Anyone who has gone on a road trip is familiar with the sight of roadkill on the side of the highway, but in some areas, this problem is more pronounced than others. For example, deer were being killed regularly along the roads in Michigan’s Upper Peninsula, but that all changed when the state reintroduced wild wolves.
When gray wolves from Canada and Minnesota were brought back to the area, vehicle collisions involving deer went way down. Researchers from the University of Wisconsin quantified these results and found that once wolves colonize a county, deer-vehicle collisions go down about 24 percent.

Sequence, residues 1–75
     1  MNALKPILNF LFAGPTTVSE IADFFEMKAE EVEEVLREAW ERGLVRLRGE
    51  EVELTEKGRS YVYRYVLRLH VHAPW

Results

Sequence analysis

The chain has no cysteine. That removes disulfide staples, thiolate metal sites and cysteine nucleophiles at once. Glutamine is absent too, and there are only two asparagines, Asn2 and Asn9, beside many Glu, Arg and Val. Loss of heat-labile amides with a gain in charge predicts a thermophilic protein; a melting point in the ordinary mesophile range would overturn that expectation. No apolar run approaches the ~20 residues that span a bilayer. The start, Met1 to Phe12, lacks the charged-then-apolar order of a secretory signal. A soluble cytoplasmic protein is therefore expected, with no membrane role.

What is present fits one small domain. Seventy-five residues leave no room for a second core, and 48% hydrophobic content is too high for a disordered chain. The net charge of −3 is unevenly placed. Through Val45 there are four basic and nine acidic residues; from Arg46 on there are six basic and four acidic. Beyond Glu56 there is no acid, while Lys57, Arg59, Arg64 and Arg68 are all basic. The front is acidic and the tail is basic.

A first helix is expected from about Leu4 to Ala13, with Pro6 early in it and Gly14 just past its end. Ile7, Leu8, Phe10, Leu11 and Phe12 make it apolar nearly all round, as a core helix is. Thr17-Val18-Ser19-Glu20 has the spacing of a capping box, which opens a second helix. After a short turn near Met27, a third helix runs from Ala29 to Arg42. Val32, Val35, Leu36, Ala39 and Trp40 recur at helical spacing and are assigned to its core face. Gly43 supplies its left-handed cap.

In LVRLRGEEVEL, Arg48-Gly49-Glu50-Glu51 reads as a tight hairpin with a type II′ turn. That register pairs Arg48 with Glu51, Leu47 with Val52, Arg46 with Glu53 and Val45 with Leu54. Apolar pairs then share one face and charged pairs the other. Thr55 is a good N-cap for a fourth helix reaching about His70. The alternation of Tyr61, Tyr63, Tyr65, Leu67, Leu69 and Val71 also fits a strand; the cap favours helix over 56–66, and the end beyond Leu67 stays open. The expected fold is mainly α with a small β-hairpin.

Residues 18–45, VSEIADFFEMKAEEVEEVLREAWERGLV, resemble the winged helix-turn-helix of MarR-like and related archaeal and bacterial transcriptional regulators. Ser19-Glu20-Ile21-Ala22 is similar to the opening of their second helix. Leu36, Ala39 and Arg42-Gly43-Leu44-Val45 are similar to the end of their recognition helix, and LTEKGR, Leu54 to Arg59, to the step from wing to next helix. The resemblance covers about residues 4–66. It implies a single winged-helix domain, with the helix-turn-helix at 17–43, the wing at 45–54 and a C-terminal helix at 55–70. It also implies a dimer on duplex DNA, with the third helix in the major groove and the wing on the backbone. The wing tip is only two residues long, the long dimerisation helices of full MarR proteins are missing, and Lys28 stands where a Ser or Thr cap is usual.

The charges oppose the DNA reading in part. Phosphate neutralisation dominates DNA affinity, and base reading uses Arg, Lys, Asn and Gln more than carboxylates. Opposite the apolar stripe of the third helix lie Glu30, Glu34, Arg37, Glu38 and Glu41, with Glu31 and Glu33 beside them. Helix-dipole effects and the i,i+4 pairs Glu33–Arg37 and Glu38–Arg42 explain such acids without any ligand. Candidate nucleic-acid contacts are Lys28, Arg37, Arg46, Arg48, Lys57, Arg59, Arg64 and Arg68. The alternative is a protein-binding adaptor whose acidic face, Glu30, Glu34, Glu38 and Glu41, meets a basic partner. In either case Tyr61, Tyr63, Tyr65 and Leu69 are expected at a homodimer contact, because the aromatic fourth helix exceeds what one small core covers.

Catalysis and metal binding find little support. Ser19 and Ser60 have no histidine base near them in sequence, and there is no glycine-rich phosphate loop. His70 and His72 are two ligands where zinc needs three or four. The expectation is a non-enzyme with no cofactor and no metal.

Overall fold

When wolves return to an area, they keep the deer populations at stable levels, in turn providing benefits for entire ecosystems and the humans that drive through them. A study from the U.S. Department of Transportation found that deer-vehicle crashes cost more than $8 billion annually in damages.
Safer roads aren’t the only benefit of species reintroduction. The reintroduction of wolves in Yellowstone in 1995 has had monumental effects on the local ecosystem. With wolves to hunt elk, birch trees have been able to grow back, supporting beavers which in turn build dams to ameliorate the health of streams and rivers.